High-Rise ends on a shot of a smartly-dressed boy tuning in to hear Thatcher on the radio talking about capitalism. Hard not to read that as a comment on the kind of society we live in now, the birth of which is shown in the film we have just seen.

So what kind of society is it? Royal is a paternalistic architect presiding over a design experiment attempting to create a new kind of person – his apartment blocks are shaped like the fingers of a hand stretching out into the sky. Like the Tower of Babel, it doesn't go to plan. The allusion suggests a nod to the hubris of man, and the attempt to forge godhood out of the dust we are and the dust we shall return to.

People going feral in the corridors of stylish modern buildings suggests a clash between the order we try to create, and the inevitable resistance such creations provoke. Royal's name is significant. He is the descendant of a benevolent aristocracy devoted to their schemes to improve the world – and the people on the lower rungs of the ladder. But people don't fit into the boxes Royal stuffs them into. The planner's utopia is a failure.

The trigger for the revolt is partly the hypocrisy of the elite, who conduct extravagant parties while the tenants at the bottom of the building put up with blackouts. Royal is too steeped in his privilege to notice what is going on, and at the end gets replaced by Laing – a new kind of elite, sociopathically detached from other people, able to ride the wave of destruction let loose by the end of the old hierarchy.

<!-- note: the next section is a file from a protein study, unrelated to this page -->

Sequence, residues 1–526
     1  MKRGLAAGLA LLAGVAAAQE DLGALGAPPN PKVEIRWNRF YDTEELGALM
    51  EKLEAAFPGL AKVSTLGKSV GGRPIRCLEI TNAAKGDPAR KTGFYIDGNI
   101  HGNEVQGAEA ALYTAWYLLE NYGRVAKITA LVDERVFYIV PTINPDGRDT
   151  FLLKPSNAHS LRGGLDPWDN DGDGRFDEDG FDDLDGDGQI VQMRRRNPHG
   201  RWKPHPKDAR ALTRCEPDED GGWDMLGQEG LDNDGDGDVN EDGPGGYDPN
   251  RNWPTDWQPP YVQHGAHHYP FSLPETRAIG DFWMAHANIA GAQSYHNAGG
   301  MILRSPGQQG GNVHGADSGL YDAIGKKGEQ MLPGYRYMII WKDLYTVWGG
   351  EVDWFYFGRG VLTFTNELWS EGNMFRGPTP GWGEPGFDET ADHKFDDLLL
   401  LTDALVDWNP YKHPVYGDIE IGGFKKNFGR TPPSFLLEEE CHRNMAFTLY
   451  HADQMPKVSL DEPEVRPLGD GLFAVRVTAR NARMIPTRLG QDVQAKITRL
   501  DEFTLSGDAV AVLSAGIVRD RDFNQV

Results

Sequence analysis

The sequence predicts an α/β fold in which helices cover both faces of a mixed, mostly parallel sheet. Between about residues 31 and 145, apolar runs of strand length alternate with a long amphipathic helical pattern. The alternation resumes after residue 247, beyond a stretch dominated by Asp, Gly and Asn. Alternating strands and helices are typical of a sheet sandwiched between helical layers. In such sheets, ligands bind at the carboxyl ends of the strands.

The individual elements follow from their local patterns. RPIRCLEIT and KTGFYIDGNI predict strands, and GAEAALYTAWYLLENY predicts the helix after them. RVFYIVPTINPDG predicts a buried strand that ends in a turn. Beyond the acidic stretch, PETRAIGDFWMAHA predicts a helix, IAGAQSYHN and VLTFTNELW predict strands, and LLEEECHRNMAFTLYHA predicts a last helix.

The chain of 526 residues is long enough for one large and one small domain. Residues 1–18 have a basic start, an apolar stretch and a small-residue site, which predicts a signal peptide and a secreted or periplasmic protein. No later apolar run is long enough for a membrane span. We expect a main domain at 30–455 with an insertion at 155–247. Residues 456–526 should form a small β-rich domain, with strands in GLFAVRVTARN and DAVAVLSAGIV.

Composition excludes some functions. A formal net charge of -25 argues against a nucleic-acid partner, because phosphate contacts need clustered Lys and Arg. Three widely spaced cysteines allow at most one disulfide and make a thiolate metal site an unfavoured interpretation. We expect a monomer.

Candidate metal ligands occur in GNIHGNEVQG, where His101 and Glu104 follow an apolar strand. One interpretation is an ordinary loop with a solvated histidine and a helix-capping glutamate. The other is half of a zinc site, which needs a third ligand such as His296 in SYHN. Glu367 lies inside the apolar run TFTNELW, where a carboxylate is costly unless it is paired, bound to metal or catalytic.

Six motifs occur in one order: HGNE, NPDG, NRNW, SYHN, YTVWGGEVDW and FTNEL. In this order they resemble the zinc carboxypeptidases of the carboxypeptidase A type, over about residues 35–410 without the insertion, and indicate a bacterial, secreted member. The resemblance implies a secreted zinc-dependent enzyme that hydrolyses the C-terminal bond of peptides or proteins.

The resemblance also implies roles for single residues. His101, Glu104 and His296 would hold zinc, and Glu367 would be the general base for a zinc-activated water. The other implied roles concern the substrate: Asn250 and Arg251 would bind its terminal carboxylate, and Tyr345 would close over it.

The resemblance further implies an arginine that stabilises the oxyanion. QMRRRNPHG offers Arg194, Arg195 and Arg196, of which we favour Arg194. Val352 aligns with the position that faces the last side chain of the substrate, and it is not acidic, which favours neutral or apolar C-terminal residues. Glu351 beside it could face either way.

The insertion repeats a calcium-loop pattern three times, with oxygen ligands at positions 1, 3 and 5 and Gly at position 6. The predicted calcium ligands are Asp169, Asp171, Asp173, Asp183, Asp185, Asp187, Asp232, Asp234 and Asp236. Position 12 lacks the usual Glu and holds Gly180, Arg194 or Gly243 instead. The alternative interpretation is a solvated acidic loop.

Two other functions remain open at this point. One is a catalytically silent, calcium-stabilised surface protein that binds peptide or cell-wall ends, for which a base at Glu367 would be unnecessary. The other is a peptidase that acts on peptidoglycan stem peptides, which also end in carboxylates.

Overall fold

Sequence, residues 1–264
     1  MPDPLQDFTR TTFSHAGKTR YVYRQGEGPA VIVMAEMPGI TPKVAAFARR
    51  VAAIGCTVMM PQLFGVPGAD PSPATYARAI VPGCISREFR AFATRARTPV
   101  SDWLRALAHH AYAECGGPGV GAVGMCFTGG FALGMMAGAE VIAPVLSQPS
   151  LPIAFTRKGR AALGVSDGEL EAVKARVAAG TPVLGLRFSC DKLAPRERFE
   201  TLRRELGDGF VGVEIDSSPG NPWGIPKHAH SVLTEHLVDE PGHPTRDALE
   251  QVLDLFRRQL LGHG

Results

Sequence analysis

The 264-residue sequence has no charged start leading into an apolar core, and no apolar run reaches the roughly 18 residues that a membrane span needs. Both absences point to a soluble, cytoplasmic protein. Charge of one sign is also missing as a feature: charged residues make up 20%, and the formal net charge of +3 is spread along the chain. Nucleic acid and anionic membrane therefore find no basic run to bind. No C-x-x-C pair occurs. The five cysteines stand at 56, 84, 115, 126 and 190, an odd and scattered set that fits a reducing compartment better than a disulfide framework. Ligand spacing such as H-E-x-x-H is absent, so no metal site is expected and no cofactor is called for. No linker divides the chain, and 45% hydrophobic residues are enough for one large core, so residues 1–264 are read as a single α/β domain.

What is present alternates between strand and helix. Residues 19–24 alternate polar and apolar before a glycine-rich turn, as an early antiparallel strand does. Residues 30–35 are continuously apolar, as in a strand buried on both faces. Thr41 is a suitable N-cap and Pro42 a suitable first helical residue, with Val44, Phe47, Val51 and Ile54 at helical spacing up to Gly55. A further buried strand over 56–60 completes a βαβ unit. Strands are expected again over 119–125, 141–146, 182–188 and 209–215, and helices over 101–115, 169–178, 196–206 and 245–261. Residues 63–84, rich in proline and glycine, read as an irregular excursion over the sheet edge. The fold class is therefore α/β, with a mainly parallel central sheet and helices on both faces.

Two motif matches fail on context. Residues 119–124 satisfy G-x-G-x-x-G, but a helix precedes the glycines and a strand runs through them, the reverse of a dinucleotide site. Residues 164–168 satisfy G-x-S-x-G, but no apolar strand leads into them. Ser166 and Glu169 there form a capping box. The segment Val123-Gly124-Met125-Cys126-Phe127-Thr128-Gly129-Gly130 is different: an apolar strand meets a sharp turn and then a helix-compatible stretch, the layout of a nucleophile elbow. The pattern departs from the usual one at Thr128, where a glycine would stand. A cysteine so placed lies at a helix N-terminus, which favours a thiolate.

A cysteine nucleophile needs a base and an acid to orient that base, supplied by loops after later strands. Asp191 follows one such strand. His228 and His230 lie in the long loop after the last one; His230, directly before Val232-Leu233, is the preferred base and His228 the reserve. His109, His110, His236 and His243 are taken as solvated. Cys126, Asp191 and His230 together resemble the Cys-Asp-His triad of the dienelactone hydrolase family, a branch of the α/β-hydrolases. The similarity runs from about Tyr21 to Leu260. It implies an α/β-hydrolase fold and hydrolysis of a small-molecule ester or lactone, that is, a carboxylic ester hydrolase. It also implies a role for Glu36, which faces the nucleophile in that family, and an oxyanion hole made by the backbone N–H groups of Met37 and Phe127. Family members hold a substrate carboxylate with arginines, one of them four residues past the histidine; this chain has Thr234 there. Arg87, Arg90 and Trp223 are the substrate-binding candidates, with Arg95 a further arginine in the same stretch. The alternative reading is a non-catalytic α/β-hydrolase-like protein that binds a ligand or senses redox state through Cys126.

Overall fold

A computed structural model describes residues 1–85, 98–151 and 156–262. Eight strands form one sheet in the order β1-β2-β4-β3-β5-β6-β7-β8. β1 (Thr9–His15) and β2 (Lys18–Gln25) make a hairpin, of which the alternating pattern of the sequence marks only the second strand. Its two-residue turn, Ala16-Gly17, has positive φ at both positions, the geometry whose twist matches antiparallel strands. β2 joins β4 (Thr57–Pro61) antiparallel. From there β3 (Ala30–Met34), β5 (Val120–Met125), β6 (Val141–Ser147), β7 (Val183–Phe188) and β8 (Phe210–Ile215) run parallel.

The snippet of Thatcher's speech contrasts 'state capitalism', where resources are controlled from the top, with the freedom of the marketplace. Royal's aristocratic ways get thrown out in the revolution. The post-war consensus, run by grey upper-class men and their lackeys, is smashed. Deference is replaced with licence – the codes of politeness and repression that keep society going collapse. It is not a comforting sight. The lot of women spirals from putting up with condescension and passive aggression to being at the receiving end of physical abuse and rape.

People in the new order are free to fight for the space and resources to assert themselves in the world. Laing manages to wrestle out a can of paint from the bedlam of the supermarket in order to paint his room. He is strong and determined enough to fulfill his projects. Wilder is less lucky – he ends up under a table screaming his own name into a recorder. His failure to achieve his projects turns him into a brute. In a moment of lucidity, before he spurs him on to his doom, Laing calls him the sanest man in the building. The two are alike, but Laing doesn't push against the powers-that-be, he just stands aside as they get overthrown.

Invoking Thatcher may be a way for the filmmakers to show what happens when you try to abolish society. The film is darkly funny on the iniquities and decadence of the ruling classes, but it seems to suggest that rampant individualism is a lot more scary. I don't think there is a hankering for a return to the stifling social mores that keep people in check, but the trade off seems to be unrestrained brutality. In the end a new equilibrium is reached. Society goes on, a new family is formed between Laing, Melville and the little boy listening to Thatcher. It looks a rather cold, inhospitable place.